The research, published in Nature, combined satellite data of Amazon fires with detailed maps showing the geographic ranges of 11,514 plant and 3,079 animal species.
The results show that between 77 and 85 per cent of species identified as threatened by the International Union for Conservation of Nature (IUCN) lost at least part of their habitat to fires between 2001 and 2019.
This includes 236 of the 264 IUCN-listed plant species, 83 of 85 bird species, 53 of 55 mammal species, five of nine reptile species and 95 of 107 amphibian species.
The Amazon is home to 40 per cent of the world’s tropical forests, carbon-rich ecosystems crucial to battling the climate crisis, and 10 per cent of all known species.
Most fires in the typically wet ecosystem are started intentionally by humans profiting from activities such as cattle ranching, logging and mining.
Dr Xiao Feng, study lead author and an assistant professor at Florida State University, told The Independent: “We found most of the plant and vertebrate species [in the Amazon] were impacted by fires over the past two decades.
“While the impacts are small for many species, the higher impacts are associated with species with restricted ranges, including rare species and threatened species.”
Such species include Remijia kuhlmannii, a rare tree that grows only in the southern Brazilian Amazon. The research found that up to 60 per cent of the tree’s geographic range was impacted by fires in the past two decades.
The research also found that the impact of fires on the Amazon’s plant and animal species is increasing steadily over time.
“The impact on Amazon biodiversity has not stopped, it is continuously increasing,” said Dr Feng.
As well as studying the impact of fires on the geographic range of threatened species, the research team also studied how droughts and changes in Brazilian forest policy moderated the reach of fires.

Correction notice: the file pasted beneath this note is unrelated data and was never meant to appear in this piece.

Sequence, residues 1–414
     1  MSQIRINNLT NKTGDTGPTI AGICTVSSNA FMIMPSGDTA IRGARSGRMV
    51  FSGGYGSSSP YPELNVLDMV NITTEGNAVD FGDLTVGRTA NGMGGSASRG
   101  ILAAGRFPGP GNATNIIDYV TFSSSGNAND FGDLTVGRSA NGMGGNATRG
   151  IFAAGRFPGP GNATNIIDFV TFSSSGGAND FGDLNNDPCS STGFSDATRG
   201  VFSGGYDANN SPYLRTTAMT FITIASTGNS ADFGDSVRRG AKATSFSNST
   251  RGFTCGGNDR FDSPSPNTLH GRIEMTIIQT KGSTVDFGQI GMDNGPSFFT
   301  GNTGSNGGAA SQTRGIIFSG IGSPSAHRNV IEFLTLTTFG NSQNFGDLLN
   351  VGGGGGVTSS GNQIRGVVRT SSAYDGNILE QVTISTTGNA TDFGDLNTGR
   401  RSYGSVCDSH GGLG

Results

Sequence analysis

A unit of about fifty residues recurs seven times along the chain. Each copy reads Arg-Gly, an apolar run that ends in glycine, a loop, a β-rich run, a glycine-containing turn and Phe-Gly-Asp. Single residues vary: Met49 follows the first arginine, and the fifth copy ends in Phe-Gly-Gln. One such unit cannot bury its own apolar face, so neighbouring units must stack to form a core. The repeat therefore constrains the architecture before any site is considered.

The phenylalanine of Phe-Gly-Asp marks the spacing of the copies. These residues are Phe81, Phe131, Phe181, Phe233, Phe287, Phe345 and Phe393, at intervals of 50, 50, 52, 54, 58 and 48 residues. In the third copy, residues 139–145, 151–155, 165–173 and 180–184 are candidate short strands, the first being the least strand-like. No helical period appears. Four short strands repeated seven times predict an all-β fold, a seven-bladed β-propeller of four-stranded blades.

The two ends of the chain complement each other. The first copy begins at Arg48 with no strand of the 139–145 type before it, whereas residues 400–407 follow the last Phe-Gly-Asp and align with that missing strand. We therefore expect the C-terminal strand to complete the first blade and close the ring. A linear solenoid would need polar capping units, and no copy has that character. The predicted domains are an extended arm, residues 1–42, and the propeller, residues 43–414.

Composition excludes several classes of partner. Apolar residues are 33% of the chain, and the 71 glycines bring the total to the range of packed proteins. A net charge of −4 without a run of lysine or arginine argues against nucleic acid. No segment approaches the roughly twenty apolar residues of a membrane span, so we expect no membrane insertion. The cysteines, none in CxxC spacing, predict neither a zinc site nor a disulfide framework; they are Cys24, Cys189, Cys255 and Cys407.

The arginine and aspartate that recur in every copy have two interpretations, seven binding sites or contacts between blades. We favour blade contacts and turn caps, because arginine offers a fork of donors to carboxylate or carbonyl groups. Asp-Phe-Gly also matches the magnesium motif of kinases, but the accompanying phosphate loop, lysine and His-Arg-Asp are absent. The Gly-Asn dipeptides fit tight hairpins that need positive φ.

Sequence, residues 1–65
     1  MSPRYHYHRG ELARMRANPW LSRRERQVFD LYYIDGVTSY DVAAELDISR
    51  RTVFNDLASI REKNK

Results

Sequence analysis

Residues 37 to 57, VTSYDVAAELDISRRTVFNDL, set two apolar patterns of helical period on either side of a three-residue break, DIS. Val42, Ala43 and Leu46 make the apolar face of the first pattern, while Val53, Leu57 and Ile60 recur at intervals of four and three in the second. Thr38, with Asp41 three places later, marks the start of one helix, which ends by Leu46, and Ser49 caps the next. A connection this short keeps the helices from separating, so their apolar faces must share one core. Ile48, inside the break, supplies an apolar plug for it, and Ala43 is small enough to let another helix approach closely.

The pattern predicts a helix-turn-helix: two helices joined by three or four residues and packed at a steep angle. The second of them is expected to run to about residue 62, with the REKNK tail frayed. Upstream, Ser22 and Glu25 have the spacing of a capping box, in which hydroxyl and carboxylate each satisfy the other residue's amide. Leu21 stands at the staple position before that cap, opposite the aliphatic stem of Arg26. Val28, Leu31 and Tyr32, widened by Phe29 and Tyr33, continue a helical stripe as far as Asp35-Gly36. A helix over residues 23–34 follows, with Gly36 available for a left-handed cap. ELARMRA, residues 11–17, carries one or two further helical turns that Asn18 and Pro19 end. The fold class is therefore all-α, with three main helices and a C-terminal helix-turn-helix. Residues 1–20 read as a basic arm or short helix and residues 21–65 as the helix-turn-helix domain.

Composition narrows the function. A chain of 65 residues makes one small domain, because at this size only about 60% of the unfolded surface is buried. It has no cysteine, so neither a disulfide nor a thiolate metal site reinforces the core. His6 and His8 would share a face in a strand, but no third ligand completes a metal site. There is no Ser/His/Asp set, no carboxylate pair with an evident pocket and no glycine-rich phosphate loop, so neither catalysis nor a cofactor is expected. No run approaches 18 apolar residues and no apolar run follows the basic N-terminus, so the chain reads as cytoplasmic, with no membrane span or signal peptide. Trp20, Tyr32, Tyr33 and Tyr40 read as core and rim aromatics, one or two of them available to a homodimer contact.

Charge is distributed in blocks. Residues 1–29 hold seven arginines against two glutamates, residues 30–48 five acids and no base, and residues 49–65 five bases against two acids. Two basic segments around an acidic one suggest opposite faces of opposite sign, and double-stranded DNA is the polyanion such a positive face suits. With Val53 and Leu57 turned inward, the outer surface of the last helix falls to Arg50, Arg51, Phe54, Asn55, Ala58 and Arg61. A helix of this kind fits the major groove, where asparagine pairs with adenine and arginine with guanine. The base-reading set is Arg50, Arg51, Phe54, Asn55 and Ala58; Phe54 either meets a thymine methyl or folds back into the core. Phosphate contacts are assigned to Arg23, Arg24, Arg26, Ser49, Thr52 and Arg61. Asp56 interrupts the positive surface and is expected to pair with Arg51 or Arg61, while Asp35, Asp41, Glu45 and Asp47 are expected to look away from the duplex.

The findings show that strengthened forest policies introduced by Brazil in the mid-2000s corresponded with reduced rates of forest burning.
However, relaxed enforcement of these policies in 2019 – under the leadership of Brazilian president Jair Bolsonaro – has “seemingly begun to reverse this trend”, the scientists say.
“The fires, as well as their impact on biodiversity, are sensitive to forest policies,” said Dr Feng.
The study found that up to 10,343 square kilometres of forest were affected by fires in 2019 – an area up to 28 per cent higher than expected.
These fires lead to “some of the most severe potential impacts on biodiversity since 2009”, the researchers said.
The findings come as Mr Bolsonaro is facing increasing international pressure over his environmental policies.
On Friday, a letter to Mr Bolsonaro from a cross-party group of 30 UK MPs shared with The Independent condemned his ongoing “assault on the Amazon” and warned that the UK government is “complicit”.
The findings also arrive shortly after another Nature study found that huge swathes of the Amazon rainforest now emit more carbon than they are able to absorb as a result of deforestation and fires.
Prof Thomas Gillespie, a biodiversity researcher from the University of California, Los Angeles who was not involved in the study, said the findings were “exciting”.
“One of the most exciting aspects of the study is simply the number of species whose ranges are collected, modelled and compared,” he wrote in a News & Views article accompanying the new research.
“Standardising the scientific names and determining the locations of more than 11,000 plant species is in itself no small task.”
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